To ease the passage of the medication to the stomach and thus reduce the potential for irritation of the esophagus, swallow alendronate with a full glass of plain water when you get up for the day. Do not lie down until 30 minutes have passed and you have eaten your first food of the day. Do not chew or suck on the tablet, as this may lead to ulcers in the mouth or throat. Do not take alendronate at bedtime or before getting up for the day.

Effects on the stomach and intestines: Rarely, people taking this medication have developed ulcers of the stomach or intestines. If you suffer from stomach problems, such as ulcers and severe indigestion, discuss with your doctor how this medication may affect your medical condition, how your medical condition may affect the dosing and effectiveness of this medication, and whether any special monitoring is needed.

Get immediate medical attention if you have symptoms of a stomach or intestinal ulcer, such as nausea, vomiting, abdominal pain, loss of weight or appetite, black or bloody stools, or vomiting blood.

Inflammation of the eye: Conditions of eye inflammation have been reported by people using alendronate. If you experience changes to your vision, red eyes, or eye pain, contact your doctor as soon as possible.

Jaw problems: Rarely, alendronate may cause severe jaw problems associated with delayed healing and infection, especially for people with cancer or after tooth extractions. If you experience any pain in the jaw, especially after having a tooth removed, contact your doctor immediately.

Kidney function: Alendronate is removed from the body by the kidneys. If you have reduced kidney function or kidney disease, discuss with your doctor how this medication may affect your medical condition, how your medical condition may affect the dosing and effectiveness of this medication, and whether any special monitoring is needed.

Pregnancy: This medication should not be used during pregnancy unless the benefits outweigh the risks. If you become pregnant while taking this medication, contact your doctor immediately.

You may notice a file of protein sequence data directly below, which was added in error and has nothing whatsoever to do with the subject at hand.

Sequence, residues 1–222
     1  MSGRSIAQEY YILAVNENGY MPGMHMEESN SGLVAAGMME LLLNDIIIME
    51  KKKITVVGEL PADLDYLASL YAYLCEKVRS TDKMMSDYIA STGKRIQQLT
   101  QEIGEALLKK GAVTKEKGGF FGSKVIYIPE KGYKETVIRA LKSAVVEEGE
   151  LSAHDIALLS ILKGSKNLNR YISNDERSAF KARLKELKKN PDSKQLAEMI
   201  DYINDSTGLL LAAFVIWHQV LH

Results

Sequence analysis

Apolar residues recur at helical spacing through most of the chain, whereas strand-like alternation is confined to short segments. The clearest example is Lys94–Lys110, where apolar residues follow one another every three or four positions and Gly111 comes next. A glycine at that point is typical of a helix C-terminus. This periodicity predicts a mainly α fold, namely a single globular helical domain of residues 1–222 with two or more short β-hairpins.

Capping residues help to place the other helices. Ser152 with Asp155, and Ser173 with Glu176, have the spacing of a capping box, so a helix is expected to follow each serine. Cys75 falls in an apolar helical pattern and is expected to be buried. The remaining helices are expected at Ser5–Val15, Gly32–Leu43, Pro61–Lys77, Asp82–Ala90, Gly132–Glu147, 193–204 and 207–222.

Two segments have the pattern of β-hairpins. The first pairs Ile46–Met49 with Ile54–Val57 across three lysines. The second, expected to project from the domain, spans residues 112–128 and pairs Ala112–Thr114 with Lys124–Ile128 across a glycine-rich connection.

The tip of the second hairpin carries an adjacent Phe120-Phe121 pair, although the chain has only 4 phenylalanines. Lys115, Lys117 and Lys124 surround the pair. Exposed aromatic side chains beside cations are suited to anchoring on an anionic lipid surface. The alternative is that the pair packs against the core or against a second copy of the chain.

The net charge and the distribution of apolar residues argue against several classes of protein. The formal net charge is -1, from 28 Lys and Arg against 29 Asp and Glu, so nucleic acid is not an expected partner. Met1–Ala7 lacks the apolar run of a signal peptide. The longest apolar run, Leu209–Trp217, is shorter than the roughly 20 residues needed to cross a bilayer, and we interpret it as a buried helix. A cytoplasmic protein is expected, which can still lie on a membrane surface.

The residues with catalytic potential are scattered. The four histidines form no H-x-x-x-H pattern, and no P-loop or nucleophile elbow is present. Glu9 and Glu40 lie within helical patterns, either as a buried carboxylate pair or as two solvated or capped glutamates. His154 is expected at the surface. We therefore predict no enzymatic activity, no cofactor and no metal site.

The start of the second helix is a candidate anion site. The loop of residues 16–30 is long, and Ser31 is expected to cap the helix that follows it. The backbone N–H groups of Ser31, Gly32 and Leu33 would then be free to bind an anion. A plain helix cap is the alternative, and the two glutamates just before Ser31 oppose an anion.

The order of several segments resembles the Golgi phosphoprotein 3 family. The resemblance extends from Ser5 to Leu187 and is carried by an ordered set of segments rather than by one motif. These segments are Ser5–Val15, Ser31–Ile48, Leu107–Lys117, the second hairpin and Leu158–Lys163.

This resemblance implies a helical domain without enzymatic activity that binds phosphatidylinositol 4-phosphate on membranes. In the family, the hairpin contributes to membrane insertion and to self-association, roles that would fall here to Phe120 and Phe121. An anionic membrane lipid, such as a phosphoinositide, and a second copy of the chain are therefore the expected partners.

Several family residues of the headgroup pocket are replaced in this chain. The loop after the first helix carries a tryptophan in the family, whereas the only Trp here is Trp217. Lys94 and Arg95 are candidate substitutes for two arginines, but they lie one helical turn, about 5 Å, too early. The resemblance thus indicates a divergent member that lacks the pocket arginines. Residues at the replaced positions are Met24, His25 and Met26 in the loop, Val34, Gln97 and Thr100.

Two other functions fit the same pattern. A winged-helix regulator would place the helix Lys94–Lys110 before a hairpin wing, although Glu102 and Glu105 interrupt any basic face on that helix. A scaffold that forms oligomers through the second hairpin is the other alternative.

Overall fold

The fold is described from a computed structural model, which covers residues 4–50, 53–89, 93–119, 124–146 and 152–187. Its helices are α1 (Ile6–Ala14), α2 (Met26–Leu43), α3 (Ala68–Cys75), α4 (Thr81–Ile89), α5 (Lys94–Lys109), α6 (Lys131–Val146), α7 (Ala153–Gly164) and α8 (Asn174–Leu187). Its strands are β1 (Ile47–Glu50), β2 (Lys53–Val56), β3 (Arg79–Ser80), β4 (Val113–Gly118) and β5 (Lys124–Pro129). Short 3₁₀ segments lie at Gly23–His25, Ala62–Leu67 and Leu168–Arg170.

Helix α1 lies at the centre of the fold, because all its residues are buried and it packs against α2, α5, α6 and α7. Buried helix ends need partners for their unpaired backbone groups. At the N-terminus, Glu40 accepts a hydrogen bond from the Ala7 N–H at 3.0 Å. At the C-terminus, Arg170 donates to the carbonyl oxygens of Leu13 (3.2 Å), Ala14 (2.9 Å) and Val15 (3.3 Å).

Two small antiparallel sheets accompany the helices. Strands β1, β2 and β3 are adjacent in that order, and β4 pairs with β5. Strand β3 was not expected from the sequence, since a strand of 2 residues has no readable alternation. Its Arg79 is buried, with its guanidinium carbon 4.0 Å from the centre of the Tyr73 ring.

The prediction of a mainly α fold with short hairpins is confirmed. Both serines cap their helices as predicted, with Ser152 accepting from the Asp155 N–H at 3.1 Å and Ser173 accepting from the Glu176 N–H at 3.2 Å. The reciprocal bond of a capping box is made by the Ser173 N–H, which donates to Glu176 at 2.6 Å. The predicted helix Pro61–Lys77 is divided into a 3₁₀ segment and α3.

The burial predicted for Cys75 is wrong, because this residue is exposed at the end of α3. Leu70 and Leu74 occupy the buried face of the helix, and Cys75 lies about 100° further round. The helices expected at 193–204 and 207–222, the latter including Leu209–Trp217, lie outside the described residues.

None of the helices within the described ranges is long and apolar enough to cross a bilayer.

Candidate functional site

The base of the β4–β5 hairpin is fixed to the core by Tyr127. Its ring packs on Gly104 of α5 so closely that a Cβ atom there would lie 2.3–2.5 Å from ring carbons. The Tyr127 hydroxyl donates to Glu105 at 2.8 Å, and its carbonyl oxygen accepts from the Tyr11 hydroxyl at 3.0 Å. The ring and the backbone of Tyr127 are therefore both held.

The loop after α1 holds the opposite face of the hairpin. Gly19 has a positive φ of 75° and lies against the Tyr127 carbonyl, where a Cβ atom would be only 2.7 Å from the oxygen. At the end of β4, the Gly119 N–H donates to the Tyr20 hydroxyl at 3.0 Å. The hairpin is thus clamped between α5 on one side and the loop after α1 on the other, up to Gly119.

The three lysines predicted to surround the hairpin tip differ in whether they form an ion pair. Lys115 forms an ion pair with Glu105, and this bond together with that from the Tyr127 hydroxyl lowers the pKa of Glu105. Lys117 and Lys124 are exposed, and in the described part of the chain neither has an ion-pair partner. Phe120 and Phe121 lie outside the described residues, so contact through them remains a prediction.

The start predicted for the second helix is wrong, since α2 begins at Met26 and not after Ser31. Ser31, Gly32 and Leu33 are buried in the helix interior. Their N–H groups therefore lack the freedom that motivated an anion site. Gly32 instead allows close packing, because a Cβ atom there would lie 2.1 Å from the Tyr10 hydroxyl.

Breast-feeding: It is not known if alendronate passes into breast milk. If you are breast-feeding and are taking this medication, it may affect your baby. Talk to your doctor about whether you should continue breast-feeding.

Children and adolescents: The safety and effectiveness of using this medication have not been established for children under 18 years of age.

What other drugs could interact with this medication?

There may be an interaction between alendronate and any of the following:

  • aminoglycoside antibiotics (e.g., amikacin, gentamicin, tobramycin)
  • antacids (e.g., aluminum hydroxide, calcium carbonate, magnesium hydroxide)
  • ASA and ASA-containing products (when alendronate is taken in doses greater than 10 mg daily) - note that this does not apply to the 70 mg weekly dose
  • calcium supplements (wait at least 30 minutes after taking alendronate to take calcium supplements)
  • deferasirox
  • non-steroidal anti-inflammatory medications (NSAIDs; e.g., diclofenac, ibuprofen, naproxen)
  • proton pump inhibitors (e.g., lansoprazole, omeprazole)
  • systemic angiogenesis inhibitors (e.g., axitinib, bevacizumab, lenalidomide, pazopanib, pomalidomide, regorafenib, sorafenib, sunitinib, thalidomide, vandetanib)
  • supplements containing minerals such as aluminum, calcium, iron, magnesium, phosphate, or zinc
  • other medications taken by mouth (wait at least 30 minutes after taking alendronate to take any other medication by mouth)

If you are taking any of these medications, speak with your doctor or pharmacist. Depending on your specific circumstances, your doctor may want you to:

  • stop taking one of the medications,
  • change one of the medications to another,
  • change how you are taking one or both of the medications, or
  • leave everything as is.

An interaction between two medications does not always mean that you must stop taking one of them. Speak to your doctor about how any drug interactions are being managed or should be managed.

Medications other than those listed above may interact with this medication. Tell your doctor or prescriber about all prescription, over-the-counter (non-prescription), and herbal medications that you are taking. Also tell them about any supplements you take. Since caffeine, alcohol, the nicotine from cigarettes, or street drugs can affect the action of many medications, you should let your prescriber know if you use them.